My friends praised me for my “self-control” and for always being the “healthy one” of the group. Little did they know that internally, I was anything but healthy. My brain was constantly occupied with thoughts and calculations around food and worries about consuming too much of certain foods. In my rigid pursuit of physical health, I actually became increasingly more unhealthy and was unable to see it as a problem until I was on the other side of it.

Have you ever looked at the menu for a restaurant before going to ensure that they offer something you’re “allowed” to eat? Does eating in a specific way give you a feeling of moral superiority or spiritual satisfaction? Do you avoid social situations or gatherings for fear of not being able to eat certain foods that you deem safe? Do you spend hours per day consuming wellness culture on Instagram? These are just a few examples of orthorexic tendencies, but can also include:

  • Judging others who eat in a different or “less healthful” way than you and basing character off of food choices.
  • Feeling intensely guilty for eating anything outside of what is deemed healthy or allowed.
  • Feelings of fear associated with consuming processed foods or certain ingredients that are deemed unhealthy.
  • Distancing self from family members and friends to avoid social situations that could compromise eating patterns.
  • Obsessive engagement in spheres of social media surrounding healthy lifestyle blogging.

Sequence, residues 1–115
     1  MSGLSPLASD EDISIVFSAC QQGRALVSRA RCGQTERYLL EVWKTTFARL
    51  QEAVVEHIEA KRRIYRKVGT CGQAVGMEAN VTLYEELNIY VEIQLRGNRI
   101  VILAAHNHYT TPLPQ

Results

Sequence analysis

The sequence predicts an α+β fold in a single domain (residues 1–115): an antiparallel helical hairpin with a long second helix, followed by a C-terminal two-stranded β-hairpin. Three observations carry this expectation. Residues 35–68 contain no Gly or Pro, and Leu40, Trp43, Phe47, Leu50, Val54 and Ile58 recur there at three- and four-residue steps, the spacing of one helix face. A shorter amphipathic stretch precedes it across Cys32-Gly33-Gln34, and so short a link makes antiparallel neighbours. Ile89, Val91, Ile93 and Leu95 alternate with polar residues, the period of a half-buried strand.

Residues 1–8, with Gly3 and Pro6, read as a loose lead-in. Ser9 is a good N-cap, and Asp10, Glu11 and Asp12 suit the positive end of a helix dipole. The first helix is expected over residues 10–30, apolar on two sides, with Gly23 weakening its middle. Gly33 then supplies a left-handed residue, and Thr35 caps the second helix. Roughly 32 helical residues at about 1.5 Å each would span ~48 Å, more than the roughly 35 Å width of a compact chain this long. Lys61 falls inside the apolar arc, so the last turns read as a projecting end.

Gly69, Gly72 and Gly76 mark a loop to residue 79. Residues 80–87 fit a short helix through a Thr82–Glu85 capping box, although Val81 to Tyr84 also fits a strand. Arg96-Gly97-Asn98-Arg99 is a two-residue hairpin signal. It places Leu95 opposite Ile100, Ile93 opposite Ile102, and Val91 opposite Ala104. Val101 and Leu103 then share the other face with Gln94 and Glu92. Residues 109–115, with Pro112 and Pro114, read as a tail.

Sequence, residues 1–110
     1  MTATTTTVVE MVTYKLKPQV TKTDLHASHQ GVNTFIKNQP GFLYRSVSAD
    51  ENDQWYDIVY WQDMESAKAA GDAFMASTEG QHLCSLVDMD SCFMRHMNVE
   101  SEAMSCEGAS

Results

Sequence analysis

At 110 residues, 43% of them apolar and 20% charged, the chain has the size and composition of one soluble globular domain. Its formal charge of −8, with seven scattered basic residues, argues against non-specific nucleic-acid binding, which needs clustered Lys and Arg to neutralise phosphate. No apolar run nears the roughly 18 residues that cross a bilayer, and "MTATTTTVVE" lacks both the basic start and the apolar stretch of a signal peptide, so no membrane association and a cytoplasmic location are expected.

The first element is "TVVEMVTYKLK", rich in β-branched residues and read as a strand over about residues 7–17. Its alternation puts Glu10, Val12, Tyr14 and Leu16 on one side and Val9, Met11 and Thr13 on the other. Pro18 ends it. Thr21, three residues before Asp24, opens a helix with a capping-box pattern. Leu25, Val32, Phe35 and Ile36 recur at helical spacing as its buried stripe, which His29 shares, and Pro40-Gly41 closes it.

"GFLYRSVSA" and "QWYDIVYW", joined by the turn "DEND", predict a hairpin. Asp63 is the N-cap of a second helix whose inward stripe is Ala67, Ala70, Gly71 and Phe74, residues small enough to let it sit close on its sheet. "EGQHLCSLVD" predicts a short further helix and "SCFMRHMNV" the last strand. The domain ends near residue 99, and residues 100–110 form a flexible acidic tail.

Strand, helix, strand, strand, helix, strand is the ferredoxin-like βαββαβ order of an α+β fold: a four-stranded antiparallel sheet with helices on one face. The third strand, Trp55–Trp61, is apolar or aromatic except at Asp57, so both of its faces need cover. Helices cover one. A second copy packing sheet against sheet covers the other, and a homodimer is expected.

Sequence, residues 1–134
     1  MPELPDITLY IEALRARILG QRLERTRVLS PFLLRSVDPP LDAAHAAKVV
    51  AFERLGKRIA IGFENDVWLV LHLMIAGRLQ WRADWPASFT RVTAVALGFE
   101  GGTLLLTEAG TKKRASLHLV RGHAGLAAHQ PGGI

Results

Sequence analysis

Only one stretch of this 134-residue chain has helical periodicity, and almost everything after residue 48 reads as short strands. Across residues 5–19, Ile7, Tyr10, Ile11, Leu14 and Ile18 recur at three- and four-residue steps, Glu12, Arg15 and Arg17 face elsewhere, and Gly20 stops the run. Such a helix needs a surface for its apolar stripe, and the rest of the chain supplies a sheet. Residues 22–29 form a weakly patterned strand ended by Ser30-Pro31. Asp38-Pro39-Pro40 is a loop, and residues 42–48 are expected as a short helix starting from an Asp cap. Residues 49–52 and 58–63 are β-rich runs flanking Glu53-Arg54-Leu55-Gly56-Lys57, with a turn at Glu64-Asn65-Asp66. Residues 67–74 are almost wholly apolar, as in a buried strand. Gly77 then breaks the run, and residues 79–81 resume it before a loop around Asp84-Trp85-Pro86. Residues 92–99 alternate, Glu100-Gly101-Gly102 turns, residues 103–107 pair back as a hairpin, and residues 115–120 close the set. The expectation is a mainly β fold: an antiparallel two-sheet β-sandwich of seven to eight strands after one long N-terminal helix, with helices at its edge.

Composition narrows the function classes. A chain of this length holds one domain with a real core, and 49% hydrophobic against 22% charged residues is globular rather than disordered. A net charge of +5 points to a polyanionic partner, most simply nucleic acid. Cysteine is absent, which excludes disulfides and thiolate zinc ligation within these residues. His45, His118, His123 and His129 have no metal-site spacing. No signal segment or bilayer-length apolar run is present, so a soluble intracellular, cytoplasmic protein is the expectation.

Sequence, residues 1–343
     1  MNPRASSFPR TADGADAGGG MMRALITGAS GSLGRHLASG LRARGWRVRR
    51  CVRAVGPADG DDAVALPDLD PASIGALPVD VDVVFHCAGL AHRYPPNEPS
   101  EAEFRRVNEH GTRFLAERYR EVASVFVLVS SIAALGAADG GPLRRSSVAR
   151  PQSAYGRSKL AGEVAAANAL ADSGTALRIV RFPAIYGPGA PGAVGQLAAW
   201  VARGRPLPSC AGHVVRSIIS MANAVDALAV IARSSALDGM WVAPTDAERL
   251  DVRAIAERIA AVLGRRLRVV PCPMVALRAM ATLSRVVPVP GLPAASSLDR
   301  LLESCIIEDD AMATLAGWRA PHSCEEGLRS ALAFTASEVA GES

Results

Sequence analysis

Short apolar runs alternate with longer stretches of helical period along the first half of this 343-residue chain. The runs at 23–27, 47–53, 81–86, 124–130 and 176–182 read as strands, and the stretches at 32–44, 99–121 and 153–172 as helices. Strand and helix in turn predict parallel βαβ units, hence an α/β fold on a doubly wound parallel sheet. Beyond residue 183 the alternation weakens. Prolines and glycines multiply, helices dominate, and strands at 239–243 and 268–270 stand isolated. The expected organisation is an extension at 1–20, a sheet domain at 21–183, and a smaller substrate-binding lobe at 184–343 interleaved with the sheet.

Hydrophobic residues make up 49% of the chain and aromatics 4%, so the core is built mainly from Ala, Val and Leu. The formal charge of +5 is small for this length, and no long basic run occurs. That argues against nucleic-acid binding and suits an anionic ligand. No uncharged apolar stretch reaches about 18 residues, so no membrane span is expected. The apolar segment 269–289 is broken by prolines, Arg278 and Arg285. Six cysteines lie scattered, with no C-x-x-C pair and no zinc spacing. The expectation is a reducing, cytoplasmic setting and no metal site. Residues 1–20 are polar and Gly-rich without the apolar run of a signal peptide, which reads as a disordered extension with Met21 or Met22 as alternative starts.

• Cutting out entire food groups such as dairy, animal products, carbs or sugar, fat, etc. 
  • Meticulously planning meals and snacks in advance and/or a constant fixation on food.
  • Unusual interest in the health or lack thereof of the food others are consuming.

Oftentimes, orthorexia serves as a more socially acceptable form of disordered eating and can act as  an intermediary step for those in eating disorder recovery. In my own experience, the meticulous restriction of calories was traded in for avoidance of certain food groups for “health’s” sake.

Rather than counting calories, I dissected food labels and counted nutrients to ensure I was getting the “perfect” amount of vitamins and minerals per day. I would spend hours on end consuming wellness bloggers’ content and planning out my meals for the next few days, ensuring they were my version of perfect. If any social events came up, I would constantly be thinking about the food being served and how I would navigate being around things I wouldn’t allow myself to eat. It was exhausting. 

I proclaimed to be in recovery from my eating disorder, and perhaps I was, but I failed to realize that it had simply morphed into orthorexia. There was a part of me that wasn’t 100% ready to let go of my eating disorder as a coping mechanism; it felt safe, it  kept me in a bubble, and allowed me to tune out from anything truly difficult that I didn’t want to engage with. Orthorexia allowed me to continue my eating disorder in a more socially acceptable way that would never be called out. After all, I was just the “healthy one,” right?

Orthorexia Vs. Healthy Eating: